But yes, the coax can obviously arc internally if there is humid air in it, and cause the coax to get hot and burn out…as the system has a tower attached to it, you probably won’t have issues with 9 legged frogs, meaning RF will be absorbed by the ground.

    If there is not a budget for a pressure gauge alarm, you can simply take apart a pressure gauge, super glue a small magnet on the gauge pointer, and then super glue a reed switch on the front, so that it trips the reed switch when the gauge gets too low. What transmitter doesn’t have a reflected power alert warning? You could hook a simple sensing circuit to the meter to trigger an alarm relay.

    Most stations I know of have a monitoring unit that reports readings back to the studio. Is it possible that this station had an engineer onsite most of its life, and was sold when the engineer died or retired?

  9. Most nitrogen leaks that I’ve seen were due to coaxes rubbing something. They can wear through or break at a connector. If the hole is small, just epoxy is an adequate fix.

    A quick way to dry out a line is to use a vacuum pump before injecting dry nitrogen. The kind used by HVAC techs work well, $99.99 at harbor freight. It’s handy to have a manifold with gauges to tie the vacuum pump into the line.

  10. Engineers hate having to tell the station owners that “we got this far and spent this amount of money” and now we found it is gonna cost MUCH MORE THAN EXPECTED!

    Another guess on this one, I don’t see where the coax meets the tower….that coax is getting horizontal, is it getting kinky?. Is it possible that the coax was too tight and is being pulled at a 90 degree angle at the tower? Sometimes one has to check the obvious. If the coax was kinked and it broke, it would certainly fill with water. If it was bent enough, the center conductor can short out. You need a drip loop. Also, in northern states, ice and snow builds up on on areas like this, and could cause leaks or damage. There is very little drip loop on this, from the picture.

    But, for god’s sake, usually the transmitter’s problems are related to the antenna system! This one looks to me like an amature mis diagnosed the problem. It could also be that the station owner didn’t understand the problem, or RAN OUT OF MONEY and couldn’t afford to replace the coax.

  11. Every station, depending on the size of the market, should run a piece of RG-11 coax up the tower and install a 1 bay dipole antenna for a 100 watt backup. I live in an area that has a county-run LPFM oldies station that runs at around 50 watts. The local commercial station has slightly better coverage….but the LPFM covers in the clear in the target market. Needless to say, a weaker signal only affects the more distant listeners, 100 watts will do well in most markets on a channel that is cleared for 10,000!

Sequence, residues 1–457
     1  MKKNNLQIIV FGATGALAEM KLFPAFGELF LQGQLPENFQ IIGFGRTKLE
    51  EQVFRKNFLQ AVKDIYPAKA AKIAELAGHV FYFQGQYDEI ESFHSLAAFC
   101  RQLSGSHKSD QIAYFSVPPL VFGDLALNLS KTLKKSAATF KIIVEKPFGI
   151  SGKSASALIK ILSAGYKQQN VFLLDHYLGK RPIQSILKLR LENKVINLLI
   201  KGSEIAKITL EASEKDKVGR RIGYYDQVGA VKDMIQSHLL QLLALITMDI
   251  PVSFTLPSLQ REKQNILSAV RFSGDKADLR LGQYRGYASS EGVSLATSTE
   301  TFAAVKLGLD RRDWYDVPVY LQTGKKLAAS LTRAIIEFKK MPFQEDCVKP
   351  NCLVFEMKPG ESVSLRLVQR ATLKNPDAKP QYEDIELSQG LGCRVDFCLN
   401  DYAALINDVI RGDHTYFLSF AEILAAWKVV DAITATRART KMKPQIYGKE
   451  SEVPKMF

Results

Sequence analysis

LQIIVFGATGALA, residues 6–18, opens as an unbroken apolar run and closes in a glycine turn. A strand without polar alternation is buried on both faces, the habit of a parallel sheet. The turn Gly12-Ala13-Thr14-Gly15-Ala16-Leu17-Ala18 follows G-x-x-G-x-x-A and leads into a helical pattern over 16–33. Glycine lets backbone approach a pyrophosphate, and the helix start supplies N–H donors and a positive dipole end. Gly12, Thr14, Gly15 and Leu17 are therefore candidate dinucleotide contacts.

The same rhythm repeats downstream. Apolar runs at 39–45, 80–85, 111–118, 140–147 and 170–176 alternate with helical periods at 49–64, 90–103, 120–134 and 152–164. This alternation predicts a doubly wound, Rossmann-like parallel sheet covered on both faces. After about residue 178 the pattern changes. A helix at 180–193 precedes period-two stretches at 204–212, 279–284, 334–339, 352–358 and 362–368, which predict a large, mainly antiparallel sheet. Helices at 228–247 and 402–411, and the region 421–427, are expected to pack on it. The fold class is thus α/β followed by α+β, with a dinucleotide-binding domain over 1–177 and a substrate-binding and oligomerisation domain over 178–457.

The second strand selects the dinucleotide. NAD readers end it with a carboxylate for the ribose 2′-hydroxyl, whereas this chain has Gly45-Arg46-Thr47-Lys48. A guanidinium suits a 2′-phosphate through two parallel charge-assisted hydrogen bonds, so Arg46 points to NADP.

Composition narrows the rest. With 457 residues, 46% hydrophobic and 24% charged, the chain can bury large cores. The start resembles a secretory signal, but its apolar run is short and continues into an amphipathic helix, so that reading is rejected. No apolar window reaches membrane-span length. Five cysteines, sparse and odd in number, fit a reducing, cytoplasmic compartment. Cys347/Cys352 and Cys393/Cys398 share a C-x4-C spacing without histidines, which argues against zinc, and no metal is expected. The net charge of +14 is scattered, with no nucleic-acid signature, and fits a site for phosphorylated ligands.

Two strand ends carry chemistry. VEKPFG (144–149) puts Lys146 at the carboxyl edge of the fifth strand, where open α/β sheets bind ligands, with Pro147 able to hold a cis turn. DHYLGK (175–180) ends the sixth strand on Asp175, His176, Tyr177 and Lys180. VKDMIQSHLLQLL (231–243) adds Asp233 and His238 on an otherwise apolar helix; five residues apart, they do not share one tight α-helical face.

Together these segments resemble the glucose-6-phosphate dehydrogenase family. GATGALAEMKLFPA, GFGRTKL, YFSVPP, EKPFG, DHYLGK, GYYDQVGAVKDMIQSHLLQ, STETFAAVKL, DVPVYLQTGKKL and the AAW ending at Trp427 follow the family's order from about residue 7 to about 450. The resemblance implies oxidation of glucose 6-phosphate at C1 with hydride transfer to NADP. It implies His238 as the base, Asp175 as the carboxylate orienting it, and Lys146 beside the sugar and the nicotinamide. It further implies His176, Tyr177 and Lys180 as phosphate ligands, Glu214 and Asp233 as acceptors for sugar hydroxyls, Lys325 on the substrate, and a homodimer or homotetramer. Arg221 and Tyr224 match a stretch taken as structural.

Forgot to mention the vacuum pump, that works well, probably better than purging it, either way you still have to get the air out and nitrogen in. It is much faster to do it that way… but….the only problem with that is if you have a slow leak, you are sucking more air into the coax. If it has a slow leak, there probably won’t be too much air as nitrogen keeps getting added. (in this case nobody added nitrogen or the let it run out or added air. But HVAC methods apply here.

    With the purge method, the goal is to mix nitrogen with existing air and then blow it out, decreasing the percentage of air each time you add nitrogen. With the vacuum, you get most of the air out, but there is a threshold on how much vacuum you can pull on a coax. The only problem is that if there is a leak, the vacuum will suck more air in.

    But if it is a new system, (new coax, etc) and you have someone on the tower already, purge it from the top. I’ve used one of those for air conditioning work and it is certainly good enough for the $99.

    The epoxy will work fine too, the only thing is that copper and epoxy often break down chemically (ask Mitsubishi lol). The danger of soldering is getting it too hot, you don’t want to melt the helix that holds the center conductor. It all depends on the time frame you have to get it done…soldering dries / cools instantly. But if it somewhere up the tower in the winter time, i’d use the epoxy too!

  12. And yes, forgot to mention hot neutral and earth, if the AC transformer in the transmitter had a short, you could get HOT AC grounding to the tower.

    How much power was being sent through this?

  13. if I walked around and saw that two words that begin with the letters J & C. What a mess, glad you could get back to decent power level. The autopsy should be interesting to see what could have happened.

  14. Can anyone out there help me to find a place to get an Andrew MT-300 dehydrator repaired that won’t cost me and arm and a leg and take forever?

  15. Had a problem once with a control cable that corroded a connector in the operators position inside the controlled space of an aircraft hanger. Situation was a 150′ run from the roof of the hanger through a wall separating ambient from the cool dry operators space. It had been decided prior to my arrival that a hole in the cable jacket and the cure was replacement. What was found upon removal of the old cable was no holes and pressure testing on the cable with both ends sealed found it held pressure and upon unsealing the end while adding compressed air moisture soon was dripping. Later experiments and watching the PM work it was decided that it was the Second Law of Thermodynamics doing it to the cable. Each quarter when the tuner was cleaned and inspected warm, moist area was introduced to the system and all it took was the effects of gravity and the condensing water to pump it into the cool, dry space. Sometimes good practices seem to work against you.

Leave a Reply

Your email address will not be published. Required fields are marked *